Letter: Fraser charter school proposal, continued

Fraser charter school proposal, continued

To the Editor:

After I submitted my letter about the proposed middle and high school charter school in Fraser, I got a lot of people contacting me, telling me they agreed it was a bad idea. The majority of them were from the Fraser side of the county, I’d say almost 2-1.

So, if I made my first letter sound like all, or most people from that end of the county were in favor of this idea, I stand corrected and I apologize. From what I had heard from the East Grand School Board meeting, Clark Lipscomb made it sound like there were as many as 120 families who were in favor of this school. If that’s true, I haven’t heard a peep from any of them.

For general information purposes, the main reasons for adding charter schools into districts would be to offer more rigorous academics, or to offer niche courses or activities that aren’t offered at local public schools. Also, Colorado law states that in districts of less than 3,000 students, the local school board (instead of the state charter school board) would have authorization powers. The reason is that in small districts, the financial impact would be so severe to the existing pubic schools that a local school board should make that decision.

East Grand Middle School and Middle Park High School are not under-serving the students of East Grand County. In fact, for rural schools of their size, they offer a surprising amount of classes, sports, and extracurricular activities.

For example, the middle school offers foreign language, band, choir, computer, art, P.E., and journalism classes. They have GT services for advanced students, and tutoring and Title I support for struggling students. They offer nine sports, drama club, art club, an 8th grade trip to Washingto D.C., and have school dances and assemblies.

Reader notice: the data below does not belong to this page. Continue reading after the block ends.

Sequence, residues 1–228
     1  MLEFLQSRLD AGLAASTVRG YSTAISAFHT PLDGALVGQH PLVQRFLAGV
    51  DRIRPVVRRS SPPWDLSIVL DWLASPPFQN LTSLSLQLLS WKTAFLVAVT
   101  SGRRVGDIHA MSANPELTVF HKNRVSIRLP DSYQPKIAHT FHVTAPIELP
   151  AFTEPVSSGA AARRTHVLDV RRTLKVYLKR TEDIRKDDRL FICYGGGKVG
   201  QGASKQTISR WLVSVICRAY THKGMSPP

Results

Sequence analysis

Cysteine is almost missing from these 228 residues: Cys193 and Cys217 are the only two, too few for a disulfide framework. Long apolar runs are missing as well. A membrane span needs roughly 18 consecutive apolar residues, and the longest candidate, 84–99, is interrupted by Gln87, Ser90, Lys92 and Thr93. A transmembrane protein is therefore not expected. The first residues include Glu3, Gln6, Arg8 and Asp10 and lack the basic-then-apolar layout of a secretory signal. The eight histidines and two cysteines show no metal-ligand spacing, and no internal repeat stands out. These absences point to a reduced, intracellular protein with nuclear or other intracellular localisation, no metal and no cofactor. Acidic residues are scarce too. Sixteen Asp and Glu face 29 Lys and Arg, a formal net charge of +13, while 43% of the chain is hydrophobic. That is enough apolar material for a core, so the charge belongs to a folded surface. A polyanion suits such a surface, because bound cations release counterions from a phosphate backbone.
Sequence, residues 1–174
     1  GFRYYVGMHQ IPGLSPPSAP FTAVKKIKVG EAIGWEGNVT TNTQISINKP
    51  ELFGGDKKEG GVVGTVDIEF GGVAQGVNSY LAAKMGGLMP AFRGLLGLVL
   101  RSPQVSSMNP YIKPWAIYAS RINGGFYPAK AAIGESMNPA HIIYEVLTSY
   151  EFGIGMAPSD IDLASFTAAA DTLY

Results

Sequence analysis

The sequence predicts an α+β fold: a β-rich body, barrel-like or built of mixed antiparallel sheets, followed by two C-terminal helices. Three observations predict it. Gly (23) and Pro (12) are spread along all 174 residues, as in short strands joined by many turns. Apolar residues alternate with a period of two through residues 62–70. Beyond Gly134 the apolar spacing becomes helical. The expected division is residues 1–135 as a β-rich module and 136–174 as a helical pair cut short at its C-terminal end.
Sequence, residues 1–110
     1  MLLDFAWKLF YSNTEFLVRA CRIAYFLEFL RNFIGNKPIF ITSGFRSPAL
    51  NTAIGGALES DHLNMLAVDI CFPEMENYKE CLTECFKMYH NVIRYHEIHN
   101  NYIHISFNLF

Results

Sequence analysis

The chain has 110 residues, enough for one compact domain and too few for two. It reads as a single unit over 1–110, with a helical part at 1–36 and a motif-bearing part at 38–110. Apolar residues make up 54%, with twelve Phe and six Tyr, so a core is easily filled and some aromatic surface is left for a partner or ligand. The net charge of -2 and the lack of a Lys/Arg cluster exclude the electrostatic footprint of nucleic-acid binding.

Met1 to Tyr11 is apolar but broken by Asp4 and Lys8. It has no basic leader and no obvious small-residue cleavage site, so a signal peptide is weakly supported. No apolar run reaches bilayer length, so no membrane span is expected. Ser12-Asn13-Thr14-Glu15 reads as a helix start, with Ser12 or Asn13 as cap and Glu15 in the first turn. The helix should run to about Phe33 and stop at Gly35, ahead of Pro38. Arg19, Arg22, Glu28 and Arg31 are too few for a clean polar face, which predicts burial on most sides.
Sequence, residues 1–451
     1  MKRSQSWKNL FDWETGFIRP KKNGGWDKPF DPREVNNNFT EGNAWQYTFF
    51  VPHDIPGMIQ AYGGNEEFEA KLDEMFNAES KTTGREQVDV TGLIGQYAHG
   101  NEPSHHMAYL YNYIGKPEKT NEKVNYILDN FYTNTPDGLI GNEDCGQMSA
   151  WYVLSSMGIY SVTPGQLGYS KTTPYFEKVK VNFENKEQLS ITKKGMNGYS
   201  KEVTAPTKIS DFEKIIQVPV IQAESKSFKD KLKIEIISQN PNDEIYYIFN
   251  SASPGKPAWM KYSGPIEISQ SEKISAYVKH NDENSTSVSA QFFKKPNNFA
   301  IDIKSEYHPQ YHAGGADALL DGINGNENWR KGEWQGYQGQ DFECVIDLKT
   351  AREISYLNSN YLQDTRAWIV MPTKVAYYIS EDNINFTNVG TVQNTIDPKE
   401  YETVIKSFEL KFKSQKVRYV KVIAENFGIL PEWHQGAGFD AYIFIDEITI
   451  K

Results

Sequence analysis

Middle Park High School has a wide variety of course offerings, especially for a 2A high school, including several AP courses for which students can earn college credit. They offer foreign language, business, catering, band, choir, P.E., art, computer graphics, wood shop, metal shop, and many others. They have at least 12 sports, drama club, foreign language trips, as well as school dances and assemblies.

Also, both schools regularly score at or above state averages on nearly every standardized test year after year. This information is available to the public. Middle Park High School has more students graduate than the state average, year after year. The majority of our graduates go on to some post-graduate education or job training. In short, our public schools are working for our students and our community.

So, what would be the pressing need or justification for a grade 6-12 charter school in a small district, with high academic achievement and graduation rates? Is it just to add a charter school into a real estate developer’s master plan? Isn’t that same real estate developer already taking heat from Fraser residents for trying to get cheap tap fees for some of his other proposals? How much do Grand County taxpayers need to subsidize this private business owner, and how much harm will it do to our local public schools in the process?

Abby Loberg


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